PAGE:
The state of Wisconsin has reached an agreement with the Wisconsin Medical Society over the repayment of a fund set up to pay medical malpractice claims that was raided in 2007 to help balance the budget.
The agreement signed calls for the state to repay the $200 million taken from the fund and pay $34 million in lost earnings and interest by October. That also includes a $691,000 payment for attorneys’ fees to the Medical Society.
The patients’ compensation fund was raided under a bipartisan deal reached with then-Gov. Jim Doyle and the Legislature.
The Medical Society argued that taking the money from the fund used to help pay malpractice claims was unconstitutional.
The Wisconsin Supreme Court agreed, ruling in 2010 that taking the funds from the Wisconsin’s Injured Patients and Families Compensation Fund (IPFCF) to help balance the general budget was unconstitutional. The state also is prohibited from taking money out of the fund “for an improper purpose” in the future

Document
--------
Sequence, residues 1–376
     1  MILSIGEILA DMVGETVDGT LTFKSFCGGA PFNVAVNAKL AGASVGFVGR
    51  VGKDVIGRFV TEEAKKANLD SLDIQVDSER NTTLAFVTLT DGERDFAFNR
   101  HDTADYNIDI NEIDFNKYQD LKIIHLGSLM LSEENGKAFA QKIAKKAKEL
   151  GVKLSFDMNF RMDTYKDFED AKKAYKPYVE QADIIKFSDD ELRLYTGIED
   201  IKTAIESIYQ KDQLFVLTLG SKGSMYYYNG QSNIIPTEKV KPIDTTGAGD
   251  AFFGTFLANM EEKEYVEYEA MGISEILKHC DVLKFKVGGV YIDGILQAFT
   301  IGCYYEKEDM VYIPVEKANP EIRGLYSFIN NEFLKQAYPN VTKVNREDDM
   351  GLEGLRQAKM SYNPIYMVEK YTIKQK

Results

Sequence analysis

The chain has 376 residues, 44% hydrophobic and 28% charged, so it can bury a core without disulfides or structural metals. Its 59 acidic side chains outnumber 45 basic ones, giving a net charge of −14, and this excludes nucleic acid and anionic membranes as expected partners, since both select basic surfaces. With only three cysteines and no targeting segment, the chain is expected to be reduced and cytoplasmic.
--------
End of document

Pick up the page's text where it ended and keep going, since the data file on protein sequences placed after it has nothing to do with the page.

The fund, created in 1975, provides excess medical malpractice coverage for Wisconsin health care providers. Most health care professionals purchase medical liability policies from private insurance carriers that pay claims up to $1 million for each claim arising from an occurrence in a year or $3 million for claims arising from all occurrences in a year.
The fund covers claims in excess of those amounts; no taxpayer money contributes to the fund, according to the Wisconsin Medical Society. It is funded by fees paid by health care providers.
Money for the repayment was included in this year’s state budget.
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